2019 SC 25 Fastest Growing Companies: No. 1 Orange Bees
LEADERSHIP Robert Sincavage | Founder & CEO, Corey Crowley | Founder & CTO
INDUSTRY Software Engineering
If someone were to make a movie about your company, what would be the story you'd want to tell?
(Robert Sincavage) It would be a story about two guys developing their careers and livelihoods independently but always loosely connected over the years. Both men at different times getting to the same crossroads in their respective lives. A place where each had the support of his family and the experience and the desire to start his own business, of wanting to test himself against the question "Could I make it work?" and being willing to try and fail but not being willing to leave that question unanswered. Eventually, they both thought it was the right time and right place to start a business together, and after a few years of hard choices, hard work, and many successes, Orange Bees thrives today.
What is the one thing that you would want others to know about your company?
First, that local matters. We buy local, hire local and do everything else we can to contribute to the local economy. Second, that our results are equal or better—usually better—than anything you will get from a big national firm. We hire top-level talent that compete with the best in their fields globally.
People think that they can buy a scapegoat by using the big consulting firms, but it is a very limiting and sometimes inherently destructive way to work. Our customers thank us routinely for taking ownership and being willing to come and meet with them personally.
How do you manage fast growth? What advice would you give to a company in growth mode?Â
Fast growth in a professional services business is very difficult to predict and almost impossible to "manage" proactively. It always feels like the growth is managing you, and you are being pulled along. The art is in the way we react and how we deal with always playing defense. It takes a good deal of patience and mental flexibility to be able to always be reacting while maintaining a sense of calm, confidence and grace. We regularly meet to discuss "what if this happens" in regards to our pipeline so that we have a few plays ready that allow us to be as prepared as possible.
What lessons did you learn the hard way? If you could go back five or 10 years, what advice would you tell yourself?
Don't allow yourself to get distracted. We have been inundated with great ideas and business opportunities that are all genuinely good ideas and probably great investments. But 10 years ago, I would have told myself: don't ever take equity over cash when you are a startup. There might be some tempting ventures, but laser focus and cash are needed for growth—period.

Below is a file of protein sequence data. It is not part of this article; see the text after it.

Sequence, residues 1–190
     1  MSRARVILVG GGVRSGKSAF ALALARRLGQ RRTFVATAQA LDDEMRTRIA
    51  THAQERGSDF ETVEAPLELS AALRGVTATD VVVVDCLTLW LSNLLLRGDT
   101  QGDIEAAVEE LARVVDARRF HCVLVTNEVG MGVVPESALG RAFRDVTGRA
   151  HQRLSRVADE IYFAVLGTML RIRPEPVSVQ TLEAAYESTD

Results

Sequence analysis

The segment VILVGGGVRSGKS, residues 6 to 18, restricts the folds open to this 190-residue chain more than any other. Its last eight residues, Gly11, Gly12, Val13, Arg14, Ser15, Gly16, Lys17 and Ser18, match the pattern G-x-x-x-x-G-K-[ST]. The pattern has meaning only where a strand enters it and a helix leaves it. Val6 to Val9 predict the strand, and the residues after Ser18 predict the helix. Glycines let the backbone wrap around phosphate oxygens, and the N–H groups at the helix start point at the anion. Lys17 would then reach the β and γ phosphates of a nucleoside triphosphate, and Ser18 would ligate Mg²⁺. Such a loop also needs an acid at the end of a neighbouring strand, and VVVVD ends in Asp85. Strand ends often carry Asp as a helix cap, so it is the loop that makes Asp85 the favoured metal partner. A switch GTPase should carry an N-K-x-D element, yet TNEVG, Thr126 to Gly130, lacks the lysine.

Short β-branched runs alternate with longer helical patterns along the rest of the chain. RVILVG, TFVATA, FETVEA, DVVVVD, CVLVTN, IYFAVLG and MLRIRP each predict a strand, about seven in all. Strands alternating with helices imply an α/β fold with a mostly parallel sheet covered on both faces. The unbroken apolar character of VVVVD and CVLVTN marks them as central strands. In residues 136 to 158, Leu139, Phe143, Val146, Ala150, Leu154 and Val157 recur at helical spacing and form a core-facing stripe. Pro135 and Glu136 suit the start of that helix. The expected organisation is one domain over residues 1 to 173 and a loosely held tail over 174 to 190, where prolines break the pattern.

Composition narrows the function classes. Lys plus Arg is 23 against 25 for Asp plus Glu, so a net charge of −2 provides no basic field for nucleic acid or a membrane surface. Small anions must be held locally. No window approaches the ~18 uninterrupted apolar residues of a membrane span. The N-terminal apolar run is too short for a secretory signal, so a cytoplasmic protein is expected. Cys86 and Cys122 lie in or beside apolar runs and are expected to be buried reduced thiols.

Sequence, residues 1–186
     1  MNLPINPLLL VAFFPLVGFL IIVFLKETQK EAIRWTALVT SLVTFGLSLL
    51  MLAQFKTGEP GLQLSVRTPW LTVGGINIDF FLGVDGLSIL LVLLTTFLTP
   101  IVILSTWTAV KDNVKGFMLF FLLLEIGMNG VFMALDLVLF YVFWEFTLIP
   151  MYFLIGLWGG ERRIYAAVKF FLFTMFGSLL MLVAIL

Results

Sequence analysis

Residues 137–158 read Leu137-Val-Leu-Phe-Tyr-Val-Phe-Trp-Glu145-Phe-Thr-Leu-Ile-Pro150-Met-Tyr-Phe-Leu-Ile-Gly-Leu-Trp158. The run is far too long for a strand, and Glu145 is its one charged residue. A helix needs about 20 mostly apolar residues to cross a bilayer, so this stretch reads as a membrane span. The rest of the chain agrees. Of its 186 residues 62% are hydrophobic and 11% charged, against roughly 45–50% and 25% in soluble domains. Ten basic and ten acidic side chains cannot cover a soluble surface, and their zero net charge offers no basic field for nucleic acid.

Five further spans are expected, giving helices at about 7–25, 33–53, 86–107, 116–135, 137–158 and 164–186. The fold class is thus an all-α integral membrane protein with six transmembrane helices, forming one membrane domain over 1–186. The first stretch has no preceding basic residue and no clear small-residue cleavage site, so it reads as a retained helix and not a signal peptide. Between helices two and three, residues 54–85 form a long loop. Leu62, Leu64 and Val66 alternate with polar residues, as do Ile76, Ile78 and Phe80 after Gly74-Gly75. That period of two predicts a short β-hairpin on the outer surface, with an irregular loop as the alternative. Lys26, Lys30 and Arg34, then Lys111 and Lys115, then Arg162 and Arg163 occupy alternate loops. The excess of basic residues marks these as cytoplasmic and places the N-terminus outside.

There are a lot of people out there who will sign contracts with you having no intention of living up to them. They know you won't have the resources to take them to court so it's just a ploy for them to get what they can from you. I know it's a bleak warning, but we learned this one more than once.
When starting a business, most people think about the direct impact to their lives. If you have a family, starting a business will affect them, and you need to understand what you are willing to sacrifice as a family. If you are kidding yourself by thinking your startup will not affect your family life, you could not be more wrong.
Don't discount yourself. Not every successful business leader is smarter or more connected than you are—most are not. Your talent, timing and market conditions come into play, but the ability to take tremendous risks and maintain sanity through the ups and downs are traits that sometimes edge out intelligence.
Don't give up after the first, second, third or even fourth major hurdle when starting a business. You may have chosen an industry with a high barrier to entry, and those initial hurdles are there to weed out the competition.
What is the secret to your success?
Well, everybody says "hard work" and that of course is true. All entrepreneurs put in incredibly long hours and invest their lives and families and all their resources into their business—taking on financial uncertainties and living on the edge for months and years.
For us specifically though, we take pride in maintaining technical currency. Being experts in our fields allows us to have real conversations with our customers about solving their problems.
We also respect and understand the strength of relationships. Corey and I have been able to make things work because each of us individually has made and fostered healthy business relationships over the previous 20 years of our corporate careers—relationships that allow customers to trust us, to take risks with us and to feel good about partnering with us in projects that are very important to their own businesses or careers.
Finally, our relationship with each other as friends and business partners—lending each other strength and wisdom when needed and always answering when the other calls. It certainly helps when you take on such a lonely endeavor to not have to do it totally alone.